Health minister under fire over proposed reforms

Health Minister Tomáš Julínek, photo: CTK

Reform in the health sector has proven one of toughest challenges since the fall of communism, with the post of health minister held by 13 people since 1993. The current minister, Tomáš Julínek, came out with far-reaching reforms, but his plans have since hit increased opposition. And, his days too as health minister may be numbered. Although the prime minister has again backed the embattled Mr Julínek, the Czech Medical Chamber sent a clear signal, opposing reform plans to be submitted to the government this week and calling for his dismissal.

Health Minister Tomáš Julínek,  photo: CTK
Health Minister Tomáš Julínek is fighting for the future of his proposed health reforms, but the prognosis appears increasingly bleak, with some Czech papers stating outright they are at an end. So far, the increasingly unpopular Mr Julínek has managed to push through only a first wave: health fees since the beginning of the year of 30, 60, and 90 crowns at surgeries, hospitals, and emergency services. These have proven increasingly unpopular with much of the public despite positive effects, the most obvious being the injection of badly-needed funds into the health sector.

But it may stop at that: the debacle suffered by the government in recent local elections – in which the fees were seen as a deciding issue – is likely to make additional reforms impossible. There is opposition even within the coalition itself: the Christian Democrats fear some legislation could jeopardise services covered by insurers, ultimately raising costs for patients. They are also firmly against the planned easing of abortion legislation regarding those without residency status. And there are other issues; Christian Democrat Ludvík Hovorka spoke to Czech TV, criticising the minister’s approach:

“From the very beginning these proposals have been pushed through with arrogance and force, rolling over coalition partners and disregarding party suggestions.”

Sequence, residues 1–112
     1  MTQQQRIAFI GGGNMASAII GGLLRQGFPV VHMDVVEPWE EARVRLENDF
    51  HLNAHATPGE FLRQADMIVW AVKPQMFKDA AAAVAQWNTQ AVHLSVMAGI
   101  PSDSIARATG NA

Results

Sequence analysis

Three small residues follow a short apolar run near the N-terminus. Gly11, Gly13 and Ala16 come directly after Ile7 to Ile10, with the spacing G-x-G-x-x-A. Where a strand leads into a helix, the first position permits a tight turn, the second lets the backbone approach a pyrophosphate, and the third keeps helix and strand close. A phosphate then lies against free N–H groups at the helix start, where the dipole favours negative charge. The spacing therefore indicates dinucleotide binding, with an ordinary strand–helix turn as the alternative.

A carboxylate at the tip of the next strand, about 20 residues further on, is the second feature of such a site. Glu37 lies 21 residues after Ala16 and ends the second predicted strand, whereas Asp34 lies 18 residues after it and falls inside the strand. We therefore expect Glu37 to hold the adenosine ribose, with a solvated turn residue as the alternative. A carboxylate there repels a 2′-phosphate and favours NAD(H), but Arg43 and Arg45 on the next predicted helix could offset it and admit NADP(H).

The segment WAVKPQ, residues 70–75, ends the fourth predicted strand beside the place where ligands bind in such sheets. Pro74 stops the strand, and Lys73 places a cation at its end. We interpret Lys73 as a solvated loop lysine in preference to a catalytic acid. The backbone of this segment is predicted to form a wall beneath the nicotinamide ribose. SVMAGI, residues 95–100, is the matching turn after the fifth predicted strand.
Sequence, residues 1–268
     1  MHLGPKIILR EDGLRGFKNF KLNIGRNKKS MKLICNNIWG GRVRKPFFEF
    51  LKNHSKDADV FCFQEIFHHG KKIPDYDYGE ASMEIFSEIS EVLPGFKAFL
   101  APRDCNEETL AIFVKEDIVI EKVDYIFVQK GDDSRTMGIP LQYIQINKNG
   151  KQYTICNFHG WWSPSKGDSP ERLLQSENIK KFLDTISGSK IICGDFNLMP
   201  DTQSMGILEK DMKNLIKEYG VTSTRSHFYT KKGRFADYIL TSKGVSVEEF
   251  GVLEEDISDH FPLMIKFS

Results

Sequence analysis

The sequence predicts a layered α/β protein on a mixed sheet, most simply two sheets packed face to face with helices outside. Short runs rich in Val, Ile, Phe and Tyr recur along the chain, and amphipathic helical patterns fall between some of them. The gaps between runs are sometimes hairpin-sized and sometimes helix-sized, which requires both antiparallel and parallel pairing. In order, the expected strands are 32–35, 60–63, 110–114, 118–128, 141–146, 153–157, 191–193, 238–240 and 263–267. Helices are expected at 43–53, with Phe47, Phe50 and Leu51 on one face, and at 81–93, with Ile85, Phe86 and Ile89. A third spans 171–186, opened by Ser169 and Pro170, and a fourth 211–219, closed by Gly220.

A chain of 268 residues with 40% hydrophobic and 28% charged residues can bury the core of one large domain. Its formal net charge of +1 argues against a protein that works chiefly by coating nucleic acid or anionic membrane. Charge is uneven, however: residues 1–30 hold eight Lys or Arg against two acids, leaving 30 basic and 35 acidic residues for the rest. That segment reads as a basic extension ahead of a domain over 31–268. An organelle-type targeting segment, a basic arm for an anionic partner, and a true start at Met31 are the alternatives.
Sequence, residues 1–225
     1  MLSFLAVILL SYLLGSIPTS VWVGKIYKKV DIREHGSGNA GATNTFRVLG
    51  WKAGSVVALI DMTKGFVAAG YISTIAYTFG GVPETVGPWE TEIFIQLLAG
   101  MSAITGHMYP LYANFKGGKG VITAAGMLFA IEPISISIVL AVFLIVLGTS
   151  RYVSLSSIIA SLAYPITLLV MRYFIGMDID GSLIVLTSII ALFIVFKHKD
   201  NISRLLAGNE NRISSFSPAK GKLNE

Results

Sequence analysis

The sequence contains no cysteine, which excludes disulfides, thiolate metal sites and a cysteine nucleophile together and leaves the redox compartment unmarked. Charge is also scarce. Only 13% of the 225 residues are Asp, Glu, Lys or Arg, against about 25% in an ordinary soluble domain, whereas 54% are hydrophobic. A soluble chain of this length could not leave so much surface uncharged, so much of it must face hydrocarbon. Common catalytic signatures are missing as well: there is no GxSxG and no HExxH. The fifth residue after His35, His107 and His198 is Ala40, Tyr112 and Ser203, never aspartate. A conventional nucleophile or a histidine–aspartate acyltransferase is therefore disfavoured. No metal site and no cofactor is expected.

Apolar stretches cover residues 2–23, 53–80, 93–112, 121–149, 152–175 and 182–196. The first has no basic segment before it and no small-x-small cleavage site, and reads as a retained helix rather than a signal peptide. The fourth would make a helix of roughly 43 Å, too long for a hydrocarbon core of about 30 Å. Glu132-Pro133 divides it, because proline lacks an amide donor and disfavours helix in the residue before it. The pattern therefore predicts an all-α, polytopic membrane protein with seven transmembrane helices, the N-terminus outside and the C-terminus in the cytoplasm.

Ludvík Hovorka,  photo: Zdeněk Vališ
Other coalition partners have gone further, saying the proposals should be fully overhauled even before they reach the government. To add fuel to the political fire, the Czech Medical Chamber has come out against further proposals, albeit narrowly: a slim majority of delegates at the weekend voted against Mr Julínek’s reforms and approved a call for the minister to be dismissed. The minister fired back with the charge that the body’s leadership was closely tied to the political Left.

Can the health minister still somehow emerge triumphant? Many wouldn’t bet on it. Although the prime minister has again given him his backing, it is not unconditional support: he warned that if Mr Julínek was unable sell his reforms properly, his staying on would be uncertain. The health minister will now have to stretch to persuade others to back his vision: a tough task, beginning with a key meeting with the Christian Democrat leader on Monday. The opposition Social Democrats, meanwhile, are continuing to play on the topic, pledging that any reforms by Mr Julínek, especially his health fees, will be rolled back if they gain the voters’ trust in 2010.